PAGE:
Ed Miliband has defended his father in the wake of the Daily Mail articles (Reuters)
Ed Miliband has defended his father in the wake of the Daily Mail articles (Reuters)

The Press Complaints Commission (PCC) has received nearly 400 complaints about the Daily Mail over its article on Ed Miliband's father.

The PCC confirmed that 252 of the total 384 complaints were about the original Mail on Sunday article by Geoffrey Levy about Miliband's father, Ralph, a Marxist academic who died in 1994. It ran under the headline, "The Man Who Hated Britain".

Much of the article was based on the writings of 17-year-old Ralph, a Jewish refugee who fled Belgium when he was 16 to escape the Nazis. In these letters, he described the average Englishman as a "rabid nationalist" and said: "You sometimes want them almost to lose [World War II] to show them how things are."

The Daily Mail allowed a furious Labour leader the right of reply to defend his father. He wrote: "There is no credible argument in the article or evidence from his life which can remotely justify the lurid headline and its accompanying claim that it would "disturb everyone who loves this country".

The paper ran Miliband's response alongside the original offending article, along with a comment piece which claimed that Ralph Miliband had left behind an "evil legacy".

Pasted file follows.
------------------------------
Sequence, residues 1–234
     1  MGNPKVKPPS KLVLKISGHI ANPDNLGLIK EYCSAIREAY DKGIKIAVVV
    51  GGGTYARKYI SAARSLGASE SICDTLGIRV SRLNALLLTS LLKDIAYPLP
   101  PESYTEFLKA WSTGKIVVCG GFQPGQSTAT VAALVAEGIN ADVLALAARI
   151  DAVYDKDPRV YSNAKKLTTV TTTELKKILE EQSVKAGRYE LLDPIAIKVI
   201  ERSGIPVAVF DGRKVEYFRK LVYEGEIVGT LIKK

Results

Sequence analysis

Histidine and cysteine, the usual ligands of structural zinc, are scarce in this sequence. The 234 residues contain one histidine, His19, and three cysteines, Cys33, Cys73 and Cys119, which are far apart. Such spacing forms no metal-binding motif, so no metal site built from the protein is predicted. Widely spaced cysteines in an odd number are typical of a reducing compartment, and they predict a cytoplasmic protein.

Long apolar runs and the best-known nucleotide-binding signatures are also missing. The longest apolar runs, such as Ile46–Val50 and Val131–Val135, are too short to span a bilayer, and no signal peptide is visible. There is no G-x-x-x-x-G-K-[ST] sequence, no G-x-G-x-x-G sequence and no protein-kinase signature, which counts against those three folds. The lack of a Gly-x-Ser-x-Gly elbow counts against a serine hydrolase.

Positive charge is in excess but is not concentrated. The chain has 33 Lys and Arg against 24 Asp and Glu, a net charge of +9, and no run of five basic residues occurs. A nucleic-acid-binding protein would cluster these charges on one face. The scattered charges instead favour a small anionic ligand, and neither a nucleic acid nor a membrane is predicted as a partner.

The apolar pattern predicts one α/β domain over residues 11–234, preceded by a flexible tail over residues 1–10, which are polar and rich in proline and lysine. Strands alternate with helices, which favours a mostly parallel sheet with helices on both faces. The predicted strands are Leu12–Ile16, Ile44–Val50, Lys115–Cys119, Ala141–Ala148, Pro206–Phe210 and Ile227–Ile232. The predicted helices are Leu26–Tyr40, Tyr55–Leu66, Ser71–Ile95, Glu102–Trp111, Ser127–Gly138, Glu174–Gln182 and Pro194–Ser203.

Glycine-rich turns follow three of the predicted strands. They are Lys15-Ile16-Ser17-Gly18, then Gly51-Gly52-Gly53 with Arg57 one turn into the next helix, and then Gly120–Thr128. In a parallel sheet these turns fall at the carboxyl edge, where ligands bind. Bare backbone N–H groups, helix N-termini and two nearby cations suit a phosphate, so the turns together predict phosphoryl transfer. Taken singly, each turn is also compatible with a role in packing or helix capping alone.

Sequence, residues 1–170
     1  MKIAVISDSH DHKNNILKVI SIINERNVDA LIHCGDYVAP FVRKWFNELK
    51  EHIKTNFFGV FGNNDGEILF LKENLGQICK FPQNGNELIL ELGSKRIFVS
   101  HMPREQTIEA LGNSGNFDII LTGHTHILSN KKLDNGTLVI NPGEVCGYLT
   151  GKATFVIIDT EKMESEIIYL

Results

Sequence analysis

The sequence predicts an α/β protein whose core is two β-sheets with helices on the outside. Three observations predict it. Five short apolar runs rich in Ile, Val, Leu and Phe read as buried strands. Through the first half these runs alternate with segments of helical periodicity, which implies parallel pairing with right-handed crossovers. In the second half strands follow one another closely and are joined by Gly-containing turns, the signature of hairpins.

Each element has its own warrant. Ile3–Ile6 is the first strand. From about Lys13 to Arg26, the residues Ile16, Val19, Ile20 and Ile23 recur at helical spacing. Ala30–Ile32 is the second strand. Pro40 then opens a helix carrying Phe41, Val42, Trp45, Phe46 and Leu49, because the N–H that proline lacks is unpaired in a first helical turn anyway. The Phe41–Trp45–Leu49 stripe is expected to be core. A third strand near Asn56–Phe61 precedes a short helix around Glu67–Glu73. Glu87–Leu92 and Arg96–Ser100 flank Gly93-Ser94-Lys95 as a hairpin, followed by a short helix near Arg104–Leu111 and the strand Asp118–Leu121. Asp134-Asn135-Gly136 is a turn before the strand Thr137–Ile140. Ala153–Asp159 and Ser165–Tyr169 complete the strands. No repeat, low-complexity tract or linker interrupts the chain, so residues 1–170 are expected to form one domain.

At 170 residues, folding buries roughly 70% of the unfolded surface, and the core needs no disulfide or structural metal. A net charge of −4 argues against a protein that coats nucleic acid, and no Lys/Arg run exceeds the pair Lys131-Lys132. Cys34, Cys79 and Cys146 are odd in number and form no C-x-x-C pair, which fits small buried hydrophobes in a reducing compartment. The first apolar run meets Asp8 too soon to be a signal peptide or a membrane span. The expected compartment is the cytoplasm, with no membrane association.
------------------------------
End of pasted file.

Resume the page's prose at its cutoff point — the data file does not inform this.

The PCC said that a further 132 also complained about the Daily Mail's follow-up to the original story. A spokesperson said that the complaints had ranged from issues of accuracy and tone and of breaching the Editor's Code of Practice.

Comment, conjecture and fact

Clause 1 of the code, which underpins the PCC, says: "The press must take care not to publish inaccurate, misleading or distorted information, including pictures.

"The press, whilst free to be partisan, must distinguish clearly between comment, conjecture and fact."

The PCC said it was unlikely that it would take the issue further.

Miliband had not filed a complaint with the watchdog. He told the Evening Standard: "It is not about regulation but about responsibility and right and wrong. That applies to the Daily Mail editor as much as anyone else.

"I don't think you can regulate for comment but newspapers have a responsibility to society to conduct fair debate and not to conduct politics in the gutter. I am not going to stay silent and let the Daily Mail do that."

Although online complaints are not dealt with by the PCC, readers also objected to the Daily Mail using a photograph of Ralph's Miliband's grave with an caption calling him a "grave socialist" on the newspaper's website.

During a heated debate with former Labour spin-doctor Alastair Campbell on BBC's Newsnight, the Daily Mail's deputy editor Jon Steafel said it was an "error of judgment" that the picture was used in the online version of the story.

The photo was later removed after the Labour leader complained.

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